Matthew Knox was the first of his family to cross the mountains and enter Mississippi. The covered wagon he drove pulled a milk cow while two sows and a collie dog trailed along, and his wife sat in the back. Under the tarpaulin, among the farm implements, resting neatly next to a jug of clear whiskey medicine, was a small bible his grandfather, Jeremiah Knox, had given him in 1862 when he went off to fight in the Confederate War. Together Matthew and this bible had survived the war and would stay together throughout the tense aftermath.
Matthew cared nothing for the book itself. He placed no stock in anything as speculative as religion and was even suspicious of those who preached from a bible despite coming from a family that boasted of no fewer than six Presbyterian ministers. No, the significance of the book lay solely in the list of names written in a careful scrawl by different hands over more than 200 years: his Knox progenitors.
Matthew went to Meridian, Mississippi in 1866, just after the end of the Confederate War in which he’d served. He’d heard that the new territory was ripe for an industrious young man looking to make his mark. A new start is what he needed, after his grandfather’s farm had nearly burned up when a spark from the fire under a pot of molasses jumped loose and set fire to the dry field grass which had seen no rain for more than six weeks.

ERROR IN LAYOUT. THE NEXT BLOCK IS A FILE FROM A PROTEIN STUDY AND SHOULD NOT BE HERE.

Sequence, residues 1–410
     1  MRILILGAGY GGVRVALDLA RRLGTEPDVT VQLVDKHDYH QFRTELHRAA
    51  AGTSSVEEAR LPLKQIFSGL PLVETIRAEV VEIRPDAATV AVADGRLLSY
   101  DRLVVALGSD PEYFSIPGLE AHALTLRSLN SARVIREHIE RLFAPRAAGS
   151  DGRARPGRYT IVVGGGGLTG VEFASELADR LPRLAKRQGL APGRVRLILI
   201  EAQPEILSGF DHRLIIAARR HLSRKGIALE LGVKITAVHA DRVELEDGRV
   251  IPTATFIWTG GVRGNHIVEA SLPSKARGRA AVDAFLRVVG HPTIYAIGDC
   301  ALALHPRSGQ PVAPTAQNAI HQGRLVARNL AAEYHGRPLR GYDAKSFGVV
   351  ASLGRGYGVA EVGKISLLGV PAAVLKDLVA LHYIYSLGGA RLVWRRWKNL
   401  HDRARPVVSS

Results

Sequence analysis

Matthew only heard about the fire well after the fact. When he rode up to the farm, months had elapsed since that dreadful day of the fire that had taken not only grass and trees, but his grandfather’s life as well.
Jeremiah and his daughter-in-law Cora had fought that fire all afternoon and into the evening, digging fire breaks and throwing the dirt on the fire. But a steady wind fueled the fire that leapt over each break they created and burned everything on the near side short of the house and barn before finally burning itself out at the springhouse. Jeremiah had inhaled too much smoke; burns to his head and hands, as well as the stress of the physical exertion, it combined to be too much for the tough 90 year old man. He lingered for almost three weeks before dying in his sleep.
Matthew’s father Josiah did not arrive back at the farm until mid-1865, almost a year after the fire. However, once the full impact of the devastation had sunk in, his father told him, “you go; your mother and I might have just enough strength to rebuild this farm even if it takes the rest of our lives. You’re still young, at the start of your life and can make something of yourself in a new territory.”
This Matthew did. With him into the wilderness of Mississippi he brought the bible with the list of names: a tether to his past and his Ulster family.
Tristan Knox, Scotland, (1622), to Ulster in 1656